"You know, we're doing without money, food and everything else before our kids are starting back to school. We can't even get clothes or nothing else for them, so it was like a kick in the face. That's basically what it was," said Chris Rowe, who worked at the Cloverlick #3 mine.

We're told the miners and their families plan on working in shifts to keep the tracks blocked.

Overnight, people from the community brought food, water and chairs to those involved in the protest.

UPDATE 7/29/19 10 p.m.
Miners and their families re-gathered at Sandhill Bottom and are blocking a train on the tracks.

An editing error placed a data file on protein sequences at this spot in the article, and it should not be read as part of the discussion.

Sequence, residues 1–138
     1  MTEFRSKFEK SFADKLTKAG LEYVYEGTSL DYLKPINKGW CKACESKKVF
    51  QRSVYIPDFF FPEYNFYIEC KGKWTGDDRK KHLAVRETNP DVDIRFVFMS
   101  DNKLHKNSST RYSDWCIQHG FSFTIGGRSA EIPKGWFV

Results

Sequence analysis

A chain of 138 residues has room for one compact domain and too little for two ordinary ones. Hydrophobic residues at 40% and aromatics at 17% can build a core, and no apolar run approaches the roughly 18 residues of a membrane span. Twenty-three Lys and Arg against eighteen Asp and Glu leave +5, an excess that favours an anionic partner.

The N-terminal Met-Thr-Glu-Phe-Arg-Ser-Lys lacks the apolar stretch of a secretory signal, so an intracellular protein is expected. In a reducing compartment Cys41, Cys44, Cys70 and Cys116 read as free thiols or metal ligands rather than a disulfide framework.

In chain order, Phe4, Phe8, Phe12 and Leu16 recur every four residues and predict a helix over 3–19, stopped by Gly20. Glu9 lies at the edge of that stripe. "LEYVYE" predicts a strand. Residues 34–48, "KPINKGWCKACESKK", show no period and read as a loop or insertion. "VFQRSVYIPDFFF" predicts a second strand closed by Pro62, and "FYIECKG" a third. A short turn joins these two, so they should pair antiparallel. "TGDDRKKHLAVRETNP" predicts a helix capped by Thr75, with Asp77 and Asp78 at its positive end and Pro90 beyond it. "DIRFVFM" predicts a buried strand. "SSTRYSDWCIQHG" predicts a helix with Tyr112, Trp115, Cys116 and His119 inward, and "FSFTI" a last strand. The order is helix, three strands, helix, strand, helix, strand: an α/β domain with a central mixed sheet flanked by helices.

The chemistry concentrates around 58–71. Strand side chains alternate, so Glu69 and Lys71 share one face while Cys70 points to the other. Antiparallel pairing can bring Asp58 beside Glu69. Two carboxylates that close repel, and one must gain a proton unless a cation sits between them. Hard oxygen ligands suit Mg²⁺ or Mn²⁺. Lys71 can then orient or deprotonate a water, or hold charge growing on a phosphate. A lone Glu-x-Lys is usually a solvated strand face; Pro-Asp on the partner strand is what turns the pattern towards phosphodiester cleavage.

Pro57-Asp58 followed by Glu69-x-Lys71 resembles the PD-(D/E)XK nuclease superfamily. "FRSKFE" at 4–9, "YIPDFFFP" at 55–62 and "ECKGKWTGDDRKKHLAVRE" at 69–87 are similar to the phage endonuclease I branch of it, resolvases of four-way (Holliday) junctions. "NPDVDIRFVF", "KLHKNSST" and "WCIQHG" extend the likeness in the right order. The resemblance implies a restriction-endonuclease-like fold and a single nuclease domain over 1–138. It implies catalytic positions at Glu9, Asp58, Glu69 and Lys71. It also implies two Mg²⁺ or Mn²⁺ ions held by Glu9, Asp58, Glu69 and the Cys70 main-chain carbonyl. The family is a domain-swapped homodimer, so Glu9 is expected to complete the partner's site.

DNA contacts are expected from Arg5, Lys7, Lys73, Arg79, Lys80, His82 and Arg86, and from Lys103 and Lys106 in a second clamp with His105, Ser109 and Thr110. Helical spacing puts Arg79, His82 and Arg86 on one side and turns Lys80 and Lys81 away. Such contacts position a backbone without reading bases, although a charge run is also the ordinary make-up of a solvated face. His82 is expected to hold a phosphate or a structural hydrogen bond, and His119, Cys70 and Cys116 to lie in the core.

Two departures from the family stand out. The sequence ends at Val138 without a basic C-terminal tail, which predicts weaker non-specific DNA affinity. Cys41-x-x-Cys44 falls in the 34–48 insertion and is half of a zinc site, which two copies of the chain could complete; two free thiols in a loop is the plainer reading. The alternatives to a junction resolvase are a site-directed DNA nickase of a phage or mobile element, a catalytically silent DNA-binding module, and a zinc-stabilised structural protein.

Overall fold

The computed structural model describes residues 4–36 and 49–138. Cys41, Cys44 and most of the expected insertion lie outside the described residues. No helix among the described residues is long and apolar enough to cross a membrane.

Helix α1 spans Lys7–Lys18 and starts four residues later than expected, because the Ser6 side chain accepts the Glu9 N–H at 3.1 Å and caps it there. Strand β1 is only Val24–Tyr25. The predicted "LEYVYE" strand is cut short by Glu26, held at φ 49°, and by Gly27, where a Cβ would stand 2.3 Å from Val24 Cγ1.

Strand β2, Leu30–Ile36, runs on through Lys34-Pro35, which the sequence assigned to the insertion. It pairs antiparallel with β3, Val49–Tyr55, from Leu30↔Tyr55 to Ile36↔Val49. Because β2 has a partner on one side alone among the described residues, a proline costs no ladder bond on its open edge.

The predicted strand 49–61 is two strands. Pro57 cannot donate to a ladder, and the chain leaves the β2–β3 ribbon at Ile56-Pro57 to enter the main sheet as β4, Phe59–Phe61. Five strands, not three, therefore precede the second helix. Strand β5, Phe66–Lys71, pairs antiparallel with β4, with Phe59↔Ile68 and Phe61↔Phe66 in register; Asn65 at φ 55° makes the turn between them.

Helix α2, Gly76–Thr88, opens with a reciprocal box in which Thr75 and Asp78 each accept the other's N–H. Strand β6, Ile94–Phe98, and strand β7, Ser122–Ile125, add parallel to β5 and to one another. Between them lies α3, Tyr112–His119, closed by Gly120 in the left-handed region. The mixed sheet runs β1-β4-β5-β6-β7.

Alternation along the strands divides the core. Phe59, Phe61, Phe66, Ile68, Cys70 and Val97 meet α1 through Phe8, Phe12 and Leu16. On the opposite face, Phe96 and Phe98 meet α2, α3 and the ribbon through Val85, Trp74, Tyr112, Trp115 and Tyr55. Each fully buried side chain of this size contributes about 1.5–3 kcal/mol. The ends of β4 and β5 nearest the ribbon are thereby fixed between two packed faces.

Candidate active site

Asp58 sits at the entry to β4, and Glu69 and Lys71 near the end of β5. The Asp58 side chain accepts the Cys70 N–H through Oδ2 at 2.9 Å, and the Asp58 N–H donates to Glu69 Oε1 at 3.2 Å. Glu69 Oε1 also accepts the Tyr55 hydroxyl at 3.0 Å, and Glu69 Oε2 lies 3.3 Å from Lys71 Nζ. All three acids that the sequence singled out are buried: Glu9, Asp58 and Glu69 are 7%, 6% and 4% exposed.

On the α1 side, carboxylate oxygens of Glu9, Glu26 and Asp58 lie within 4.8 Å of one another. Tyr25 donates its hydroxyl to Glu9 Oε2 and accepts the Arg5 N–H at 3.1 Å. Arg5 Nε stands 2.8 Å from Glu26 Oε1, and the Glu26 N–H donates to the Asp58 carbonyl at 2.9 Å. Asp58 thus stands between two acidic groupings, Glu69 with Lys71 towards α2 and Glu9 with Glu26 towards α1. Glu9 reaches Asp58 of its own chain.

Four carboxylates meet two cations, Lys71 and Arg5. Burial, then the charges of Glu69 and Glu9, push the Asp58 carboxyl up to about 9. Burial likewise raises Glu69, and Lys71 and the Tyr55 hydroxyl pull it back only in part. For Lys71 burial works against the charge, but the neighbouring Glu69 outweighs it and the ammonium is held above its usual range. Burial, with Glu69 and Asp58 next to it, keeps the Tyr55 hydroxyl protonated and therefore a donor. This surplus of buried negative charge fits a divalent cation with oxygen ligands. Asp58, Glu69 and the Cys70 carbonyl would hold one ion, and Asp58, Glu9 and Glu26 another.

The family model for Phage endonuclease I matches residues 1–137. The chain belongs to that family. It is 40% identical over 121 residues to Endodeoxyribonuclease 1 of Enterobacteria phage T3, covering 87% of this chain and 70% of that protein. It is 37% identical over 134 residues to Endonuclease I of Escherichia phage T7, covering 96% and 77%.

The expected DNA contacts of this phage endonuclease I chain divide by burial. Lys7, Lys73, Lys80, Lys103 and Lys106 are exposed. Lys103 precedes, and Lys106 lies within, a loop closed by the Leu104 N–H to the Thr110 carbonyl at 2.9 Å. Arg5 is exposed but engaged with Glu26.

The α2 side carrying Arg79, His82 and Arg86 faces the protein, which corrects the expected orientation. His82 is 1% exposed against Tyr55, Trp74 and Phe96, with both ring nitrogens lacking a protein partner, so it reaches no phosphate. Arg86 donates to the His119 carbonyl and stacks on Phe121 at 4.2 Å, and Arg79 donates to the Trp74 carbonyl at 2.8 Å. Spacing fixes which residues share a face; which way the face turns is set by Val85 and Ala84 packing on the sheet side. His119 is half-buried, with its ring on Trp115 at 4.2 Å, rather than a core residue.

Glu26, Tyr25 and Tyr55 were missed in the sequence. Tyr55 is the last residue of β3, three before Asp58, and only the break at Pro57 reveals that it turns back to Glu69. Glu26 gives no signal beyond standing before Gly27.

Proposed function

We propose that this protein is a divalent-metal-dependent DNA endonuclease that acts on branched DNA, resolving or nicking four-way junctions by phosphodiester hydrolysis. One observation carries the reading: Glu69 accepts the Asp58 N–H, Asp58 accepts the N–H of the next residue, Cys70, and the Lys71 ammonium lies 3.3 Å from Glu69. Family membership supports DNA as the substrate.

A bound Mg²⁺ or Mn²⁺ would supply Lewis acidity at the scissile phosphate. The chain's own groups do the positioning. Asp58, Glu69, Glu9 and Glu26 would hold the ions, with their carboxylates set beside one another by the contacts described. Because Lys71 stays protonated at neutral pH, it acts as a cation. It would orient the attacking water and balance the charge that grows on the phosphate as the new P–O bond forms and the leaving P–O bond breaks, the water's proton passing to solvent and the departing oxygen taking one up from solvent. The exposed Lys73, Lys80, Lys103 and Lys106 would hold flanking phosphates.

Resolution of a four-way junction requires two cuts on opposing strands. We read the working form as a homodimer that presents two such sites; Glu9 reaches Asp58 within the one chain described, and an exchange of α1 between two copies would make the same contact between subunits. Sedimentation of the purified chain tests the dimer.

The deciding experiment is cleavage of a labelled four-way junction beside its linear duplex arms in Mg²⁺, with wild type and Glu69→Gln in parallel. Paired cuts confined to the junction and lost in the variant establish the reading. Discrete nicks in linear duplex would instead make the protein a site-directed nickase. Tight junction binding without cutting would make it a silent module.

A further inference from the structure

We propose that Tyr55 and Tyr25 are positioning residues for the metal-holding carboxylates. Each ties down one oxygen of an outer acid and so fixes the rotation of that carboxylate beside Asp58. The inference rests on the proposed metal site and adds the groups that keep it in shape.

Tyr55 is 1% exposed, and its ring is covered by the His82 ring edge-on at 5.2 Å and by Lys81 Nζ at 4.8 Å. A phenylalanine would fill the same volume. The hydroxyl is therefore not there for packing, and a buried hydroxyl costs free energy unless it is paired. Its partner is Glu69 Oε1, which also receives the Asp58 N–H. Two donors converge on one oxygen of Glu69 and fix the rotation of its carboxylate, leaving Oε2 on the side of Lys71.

The Mayor of Cumberland Charles Raleigh says around 60 to 100 people are blocking the tracks.

According to the Tri-City News, miners have started a corn hole tournament on the tracks.

ORIGINAL STORY 7/29/19
Blackjewel miners are confused and frustrated as they try to find out why a train is carrying coal away from a mine in Harlan County. Some chose to take it into their own hands by standing on the tracks to keep the train from leaving.

WYMT began receiving messages before noon Monday about a train hauling something away from Cloverlick Mine 1.

The mine belongs to Revelation Energy LLC, which filed for Chapter 11 bankruptcy protection on July 1st along with its affiliate Blackjewel LLC. Since then, Blackjewel miners have been without work and without pay.

Viewer-submitted photos show the train loaded up with coal. A skeleton crew worked around the train.